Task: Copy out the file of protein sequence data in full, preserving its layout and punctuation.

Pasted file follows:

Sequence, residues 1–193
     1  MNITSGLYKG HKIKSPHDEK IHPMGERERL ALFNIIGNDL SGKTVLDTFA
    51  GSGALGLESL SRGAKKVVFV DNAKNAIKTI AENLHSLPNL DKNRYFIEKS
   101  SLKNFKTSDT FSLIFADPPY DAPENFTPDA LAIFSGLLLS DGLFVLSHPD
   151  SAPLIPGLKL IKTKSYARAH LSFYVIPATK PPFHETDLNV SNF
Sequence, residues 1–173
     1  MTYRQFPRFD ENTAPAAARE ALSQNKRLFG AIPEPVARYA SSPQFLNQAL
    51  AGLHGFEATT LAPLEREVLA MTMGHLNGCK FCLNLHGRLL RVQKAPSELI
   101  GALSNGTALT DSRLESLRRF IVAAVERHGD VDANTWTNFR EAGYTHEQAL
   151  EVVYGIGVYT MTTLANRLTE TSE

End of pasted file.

Sequence, residues 1–193
     1  MNITSGLYKG HKIKSPHDEK IHPMGERERL ALFNIIGNDL SGKTVLDTFA
    51  GSGALGLESL SRGAKKVVFV DNAKNAIKTI AENLHSLPNL DKNRYFIEKS
   101  SLKNFKTSDT FSLIFADPPY DAPENFTPDA LAIFSGLLLS DGLFVLSHPD
   151  SAPLIPGLKL IKTKSYARAH LSFYVIPATK PPFHETDLNV SNF
Sequence, residues 1–173
     1  MTYRQFPRFD ENTAPAAARE ALSQNKRLFG AIPEPVARYA SSPQFLNQAL
    51  AGLHGFEATT LAPLEREVLA MTMGHLNGCK FCLNLHGRLL RVQKAPSELI
   101  GALSNGTALT DSRLESLRRF IVAAVERHGD VDANTWTNFR EAGYTHEQAL
   151  EVVYGIGVYT MTTLANRLTE TSE